Room: Exhibit Hall | Forum 2
Purpose: To analyze baseline CT/MRI-based radiomics features of salivary glands to predict radiation-induced xerostomia after head and neck cancer (HNC) radiotherapy.
Methods: CT and T1 post-contrast MR images along with NCI-CTCAE xerostomia grade (at 3-month follow-up) were prospectively collected in 140 HNC patients treated between 2009 and 2015 at our institution. CT images were corrected for metal artifact reduction to minimize the effect of dental artifacts in radiomic feature computation. CT and MR images were rigidly or deformably registered on which parotid/submandibular glands were contoured by a radiation oncologist. In total, 5744 CT and MR image features were extracted for ipsilateral(IL)/contralateral(CL) parotid and submandibular glands relative to the location of the primary tumor. In univariate analysis, features were ranked by likelihood for predicting severe xerostomia (gradeâ‰¥2). Features that were correlated with xerostomia (p<0.1) were further reduced using a maximum relevance minimum redundancy method. The final set of image features were selected using a LASSO logistic regression algorithm. A generalized linear model with leave-one-out-cross-validation was applied to predict radiation-induced xerostomia. Three models were developed with image features extracted from (1) CT-only, (2) MR-only, and (3) CT+MR. The area under the receiver operating characteristic curve (AUC), sensitivity, and specificity were compared across models.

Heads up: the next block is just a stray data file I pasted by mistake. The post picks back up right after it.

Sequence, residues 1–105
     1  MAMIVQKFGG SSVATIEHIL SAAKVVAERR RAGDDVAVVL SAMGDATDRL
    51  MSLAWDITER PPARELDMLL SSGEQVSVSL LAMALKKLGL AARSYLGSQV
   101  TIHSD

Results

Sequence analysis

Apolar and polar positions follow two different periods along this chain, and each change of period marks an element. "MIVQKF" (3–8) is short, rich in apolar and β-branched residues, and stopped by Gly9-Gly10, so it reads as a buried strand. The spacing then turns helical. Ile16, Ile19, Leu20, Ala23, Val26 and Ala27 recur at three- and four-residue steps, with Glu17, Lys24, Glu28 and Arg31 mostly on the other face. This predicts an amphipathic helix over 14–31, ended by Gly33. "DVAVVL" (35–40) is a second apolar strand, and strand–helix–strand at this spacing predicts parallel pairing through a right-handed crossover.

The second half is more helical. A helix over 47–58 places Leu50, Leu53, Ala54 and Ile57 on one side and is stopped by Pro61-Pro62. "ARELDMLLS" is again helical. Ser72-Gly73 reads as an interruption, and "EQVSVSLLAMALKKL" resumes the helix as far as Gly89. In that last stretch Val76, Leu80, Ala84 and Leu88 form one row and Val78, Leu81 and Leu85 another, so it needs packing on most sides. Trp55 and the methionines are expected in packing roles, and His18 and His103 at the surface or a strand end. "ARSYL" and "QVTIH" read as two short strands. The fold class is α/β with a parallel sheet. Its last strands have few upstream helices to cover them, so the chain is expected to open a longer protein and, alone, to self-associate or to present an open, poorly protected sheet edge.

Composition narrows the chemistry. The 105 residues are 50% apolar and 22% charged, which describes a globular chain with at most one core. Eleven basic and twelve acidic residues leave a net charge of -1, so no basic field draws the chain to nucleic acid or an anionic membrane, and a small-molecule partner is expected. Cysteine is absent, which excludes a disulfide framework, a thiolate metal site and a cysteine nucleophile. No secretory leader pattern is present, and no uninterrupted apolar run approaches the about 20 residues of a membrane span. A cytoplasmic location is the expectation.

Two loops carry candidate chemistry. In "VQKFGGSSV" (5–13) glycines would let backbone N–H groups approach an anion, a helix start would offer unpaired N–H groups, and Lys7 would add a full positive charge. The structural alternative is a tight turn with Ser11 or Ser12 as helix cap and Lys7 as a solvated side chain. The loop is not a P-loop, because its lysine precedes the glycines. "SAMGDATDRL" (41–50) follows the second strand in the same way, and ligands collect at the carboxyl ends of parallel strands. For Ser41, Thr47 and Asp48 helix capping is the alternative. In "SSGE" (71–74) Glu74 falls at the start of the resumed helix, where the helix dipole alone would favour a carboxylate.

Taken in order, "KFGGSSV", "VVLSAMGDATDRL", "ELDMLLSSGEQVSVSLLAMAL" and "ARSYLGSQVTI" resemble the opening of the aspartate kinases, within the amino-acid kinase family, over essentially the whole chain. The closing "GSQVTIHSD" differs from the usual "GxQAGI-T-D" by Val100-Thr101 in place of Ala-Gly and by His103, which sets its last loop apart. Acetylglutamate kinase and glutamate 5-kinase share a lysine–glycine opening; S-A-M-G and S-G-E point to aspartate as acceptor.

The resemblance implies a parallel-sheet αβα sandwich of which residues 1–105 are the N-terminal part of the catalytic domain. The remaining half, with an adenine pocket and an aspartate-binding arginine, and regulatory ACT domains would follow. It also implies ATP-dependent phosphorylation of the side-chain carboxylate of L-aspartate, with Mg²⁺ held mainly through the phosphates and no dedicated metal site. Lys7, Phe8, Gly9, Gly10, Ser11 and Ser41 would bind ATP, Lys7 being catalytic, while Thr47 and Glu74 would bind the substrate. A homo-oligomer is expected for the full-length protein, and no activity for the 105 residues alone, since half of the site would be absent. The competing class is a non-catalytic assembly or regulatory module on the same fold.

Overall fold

Results: Among extracted features, 14 CT and 12 MR image features were selected. The 5 most important features included MR CL parotid short-run-high-gray-level-emphasis and IL submandibular energy, CT CL submandibular gray-level-run-length-matrix and IL submandibular gray-level-co-occurrence-matrix entropy. The cross-validated AUC/sensitivity/specificity for CT-only, MR-only, and CT+MR were 0.79/0.84/0.63, 0.74/0.74/0.61, and 0.82/0.84/0.63 in xerostomia prediction.
Conclusion: In HNC patients, combining baseline CT and MR image features improved classification performance severe radiation-induced xerostomia. Further investigation is required to further validate if this strategy can be useful for personalized radiotherapy.
Funding Support, Disclosures, and Conflict of Interest: Partial support provided by the Radiation Oncology Institute. T McNutt acknowledges funding support from Philips and Toshiba Medical Systems Corp. J Lee acknowledges funding support from Toshiba Medical Systems Corp and Johns Hopkins Radiation Oncology Discovery Award.